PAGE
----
What are the chances of ovarian cancer spreading to other areas?
It is an almost impossible question to answer. It's about staging. When you are first diagnosed you are given a stage and that is how far your cancer has gone. Stage one is cancer that is just in the ovaries. Stage two is cancer that's grown outside the ovary but is in the pelvis. Stage three is cancer that's in the belly and Stage four is cancer that's gone elsewhere. That staging information is fantastically useful because it helps direct our therapy but it also gives us an idea of what is the chance of that cancer coming back.
Without information about any particular patient and their stage, it is impossible to give information about whether the cancer will come back. It will depend on the stage that the patient was at when they were first diagnosed. Patients with stage one tend, on average, to have a better outlook than the others. However, there are still some women with advanced disease who do very well and that is something that I emphasise a lot to my patients. It is perfectly possible to have advanced ovarian cancer and still have your cancer go away and live a full and normal life for many years. Our problem is it's not always easy at the time of diagnosis to say for certain to any one individual woman that your cancer is going to do better than somebody else's.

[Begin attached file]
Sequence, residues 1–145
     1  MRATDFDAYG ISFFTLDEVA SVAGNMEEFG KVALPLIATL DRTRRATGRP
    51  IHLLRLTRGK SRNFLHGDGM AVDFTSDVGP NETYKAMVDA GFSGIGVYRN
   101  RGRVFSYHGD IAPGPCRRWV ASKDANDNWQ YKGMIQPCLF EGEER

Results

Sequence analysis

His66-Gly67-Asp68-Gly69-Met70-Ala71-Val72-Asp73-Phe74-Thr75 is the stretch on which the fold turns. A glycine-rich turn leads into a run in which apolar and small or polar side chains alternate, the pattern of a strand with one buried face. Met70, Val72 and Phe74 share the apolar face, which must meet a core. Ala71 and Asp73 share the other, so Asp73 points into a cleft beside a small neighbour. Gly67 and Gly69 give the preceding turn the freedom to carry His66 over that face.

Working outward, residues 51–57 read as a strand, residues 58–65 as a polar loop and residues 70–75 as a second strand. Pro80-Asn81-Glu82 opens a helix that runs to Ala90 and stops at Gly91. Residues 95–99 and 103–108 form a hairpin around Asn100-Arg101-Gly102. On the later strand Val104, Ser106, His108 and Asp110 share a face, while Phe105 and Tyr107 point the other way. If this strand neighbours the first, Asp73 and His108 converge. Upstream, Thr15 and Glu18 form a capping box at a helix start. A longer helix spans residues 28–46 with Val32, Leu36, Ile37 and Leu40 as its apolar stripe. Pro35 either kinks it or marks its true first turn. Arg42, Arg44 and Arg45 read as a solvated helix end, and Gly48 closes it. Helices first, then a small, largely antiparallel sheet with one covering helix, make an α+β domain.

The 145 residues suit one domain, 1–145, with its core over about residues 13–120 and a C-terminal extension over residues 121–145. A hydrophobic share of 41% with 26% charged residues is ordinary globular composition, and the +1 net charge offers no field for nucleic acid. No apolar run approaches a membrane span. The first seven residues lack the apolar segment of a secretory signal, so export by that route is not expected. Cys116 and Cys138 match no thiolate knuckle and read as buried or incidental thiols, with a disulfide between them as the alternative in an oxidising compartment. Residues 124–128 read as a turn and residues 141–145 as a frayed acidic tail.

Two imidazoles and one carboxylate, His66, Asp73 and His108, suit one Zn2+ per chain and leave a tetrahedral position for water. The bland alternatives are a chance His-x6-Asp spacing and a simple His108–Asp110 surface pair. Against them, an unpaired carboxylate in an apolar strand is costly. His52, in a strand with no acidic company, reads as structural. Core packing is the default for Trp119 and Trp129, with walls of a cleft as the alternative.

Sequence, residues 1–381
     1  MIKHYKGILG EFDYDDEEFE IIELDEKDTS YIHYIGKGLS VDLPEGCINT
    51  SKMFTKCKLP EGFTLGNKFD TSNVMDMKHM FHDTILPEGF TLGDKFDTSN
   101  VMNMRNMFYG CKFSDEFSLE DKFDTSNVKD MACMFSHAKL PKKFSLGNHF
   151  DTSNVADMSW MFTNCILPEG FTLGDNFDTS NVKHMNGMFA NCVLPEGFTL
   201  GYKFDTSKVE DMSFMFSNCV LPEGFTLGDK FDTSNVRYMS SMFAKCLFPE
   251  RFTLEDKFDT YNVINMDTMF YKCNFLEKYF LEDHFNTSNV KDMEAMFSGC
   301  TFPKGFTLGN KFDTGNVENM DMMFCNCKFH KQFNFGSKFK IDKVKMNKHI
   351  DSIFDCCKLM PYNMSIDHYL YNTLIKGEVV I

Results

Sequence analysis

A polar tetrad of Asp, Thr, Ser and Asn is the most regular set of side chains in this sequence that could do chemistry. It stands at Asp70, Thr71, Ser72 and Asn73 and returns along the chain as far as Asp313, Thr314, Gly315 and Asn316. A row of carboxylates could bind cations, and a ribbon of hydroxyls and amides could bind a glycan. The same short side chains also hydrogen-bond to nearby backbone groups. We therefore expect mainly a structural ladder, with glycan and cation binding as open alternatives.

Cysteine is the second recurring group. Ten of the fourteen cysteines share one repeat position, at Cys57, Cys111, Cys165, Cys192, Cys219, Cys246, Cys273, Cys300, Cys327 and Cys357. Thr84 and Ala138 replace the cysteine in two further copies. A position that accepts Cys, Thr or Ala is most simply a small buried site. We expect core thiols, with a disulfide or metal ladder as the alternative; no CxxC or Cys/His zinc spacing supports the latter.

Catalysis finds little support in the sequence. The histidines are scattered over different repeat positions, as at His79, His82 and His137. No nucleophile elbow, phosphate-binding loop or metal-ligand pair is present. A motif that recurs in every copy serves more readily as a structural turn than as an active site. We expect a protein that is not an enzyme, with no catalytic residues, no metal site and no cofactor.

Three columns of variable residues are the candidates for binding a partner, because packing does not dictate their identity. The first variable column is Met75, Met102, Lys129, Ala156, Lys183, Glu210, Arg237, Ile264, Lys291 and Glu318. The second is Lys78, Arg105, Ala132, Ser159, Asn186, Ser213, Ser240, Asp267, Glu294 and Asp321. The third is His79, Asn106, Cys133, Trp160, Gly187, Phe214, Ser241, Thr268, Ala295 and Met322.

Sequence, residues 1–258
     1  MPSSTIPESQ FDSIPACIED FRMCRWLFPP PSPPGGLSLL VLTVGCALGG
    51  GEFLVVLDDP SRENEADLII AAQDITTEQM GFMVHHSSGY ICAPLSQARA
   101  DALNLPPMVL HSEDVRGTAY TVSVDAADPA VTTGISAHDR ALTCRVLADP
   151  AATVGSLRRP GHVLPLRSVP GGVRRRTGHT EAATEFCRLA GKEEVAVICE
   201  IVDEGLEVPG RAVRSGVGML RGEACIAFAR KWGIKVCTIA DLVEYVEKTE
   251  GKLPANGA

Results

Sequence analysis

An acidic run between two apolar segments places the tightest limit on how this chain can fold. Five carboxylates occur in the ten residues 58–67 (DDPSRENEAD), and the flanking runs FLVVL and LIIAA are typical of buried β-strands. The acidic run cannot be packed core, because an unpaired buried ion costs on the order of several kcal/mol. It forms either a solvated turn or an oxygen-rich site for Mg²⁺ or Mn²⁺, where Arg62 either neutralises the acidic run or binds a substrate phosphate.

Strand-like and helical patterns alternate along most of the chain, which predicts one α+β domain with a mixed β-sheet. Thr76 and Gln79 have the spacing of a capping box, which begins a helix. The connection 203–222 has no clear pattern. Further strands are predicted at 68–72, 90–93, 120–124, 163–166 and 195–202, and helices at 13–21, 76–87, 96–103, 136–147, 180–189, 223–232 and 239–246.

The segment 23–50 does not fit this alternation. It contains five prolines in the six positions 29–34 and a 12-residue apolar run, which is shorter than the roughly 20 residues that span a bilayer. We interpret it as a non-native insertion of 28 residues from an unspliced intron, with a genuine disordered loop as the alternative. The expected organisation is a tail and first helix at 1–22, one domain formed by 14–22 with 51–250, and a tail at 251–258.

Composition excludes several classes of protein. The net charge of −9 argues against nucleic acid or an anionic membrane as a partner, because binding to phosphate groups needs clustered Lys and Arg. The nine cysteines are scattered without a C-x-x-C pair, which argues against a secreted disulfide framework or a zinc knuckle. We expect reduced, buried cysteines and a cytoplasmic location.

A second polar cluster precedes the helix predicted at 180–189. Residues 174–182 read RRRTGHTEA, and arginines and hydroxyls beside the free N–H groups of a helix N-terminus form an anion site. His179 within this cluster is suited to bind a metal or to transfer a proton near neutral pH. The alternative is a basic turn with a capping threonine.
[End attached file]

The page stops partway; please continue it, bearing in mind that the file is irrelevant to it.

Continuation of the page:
When we first meet you and we talk about the stage, it's important for us because it gives us a broad idea of what your cancer might do. Even for women with stage three and stage four disease, people can respond incredibly well and can have a very good long term outlook.